Five million dollars in child support money is still sitting in a bank account waiting to be distributed. The Office of the Attorney General says its redoubling efforts to find the custodial parents, some of whom have gone unpaid for more than a decade.

Technically its called the undistributed collections fund, but it's been accumulating in a bank account since 2002 it has its own nickname.

"We call it the $5 million dollar elephant in the room and Andrew our deputy and his team have basically taken it upon themselves to prioritize this and try everything they can to get that money back to the families it was intended to get to," AG Leevin Camacho said.

Deputy AG Andrew Perez says they have begun the tedious process, starting with a review of more than a thousand returned checks.

"These checks total just below a million dollars but in the last month we identified, we located parents, we identified where these checks needed to go, and it totaled about $60,000," he said.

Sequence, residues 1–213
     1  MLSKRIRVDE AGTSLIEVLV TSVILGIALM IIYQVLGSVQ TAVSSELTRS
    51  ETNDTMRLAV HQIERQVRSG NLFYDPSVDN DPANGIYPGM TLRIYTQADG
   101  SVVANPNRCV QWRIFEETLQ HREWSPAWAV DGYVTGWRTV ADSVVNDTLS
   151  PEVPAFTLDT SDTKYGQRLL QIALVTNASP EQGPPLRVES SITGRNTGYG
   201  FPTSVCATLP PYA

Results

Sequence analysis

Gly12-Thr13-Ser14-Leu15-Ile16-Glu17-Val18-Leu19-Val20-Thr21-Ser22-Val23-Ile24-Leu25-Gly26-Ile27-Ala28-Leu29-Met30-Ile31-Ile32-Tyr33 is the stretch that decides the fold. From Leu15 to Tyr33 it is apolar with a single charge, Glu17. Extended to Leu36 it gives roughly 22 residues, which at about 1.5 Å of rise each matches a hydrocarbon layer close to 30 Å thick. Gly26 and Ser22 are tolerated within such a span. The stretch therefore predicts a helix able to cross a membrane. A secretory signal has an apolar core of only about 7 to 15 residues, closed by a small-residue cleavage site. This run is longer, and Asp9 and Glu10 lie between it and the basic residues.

Obviously, they've got a long way to go.

"Twenty percent of the checks that are there are those that were sent out and returned," Camacho said. "I think 40 percent are checks that were sent out or were never cashed. So again this team is gonna go check by check, name by name."

But how do millions of dollars worth of support go unclaimed for years? The AG's office says there are probably lots of reasons.

"Maybe their child has aged out, they think they don't have child support anymore, that they cant come to our office to verify whats the status of their case, but if they come into our office we can give them a clear status of whether or not they're part of this UDC fund," Perez said.

By the way, if your child has aged out, you're still entitled to that check. AG Camacho says to make it easier for custodial parents to get their questions answered, they've set up a website.

"If you go to oag guam .org there's a contact list there that has the extensions to child support," Camacho explained. "Be patient we get over a hundred calls every day, but we'll try our best to answer the calls and get back to you."

With $5 million still to be claimed, custodial parents are urged to call in.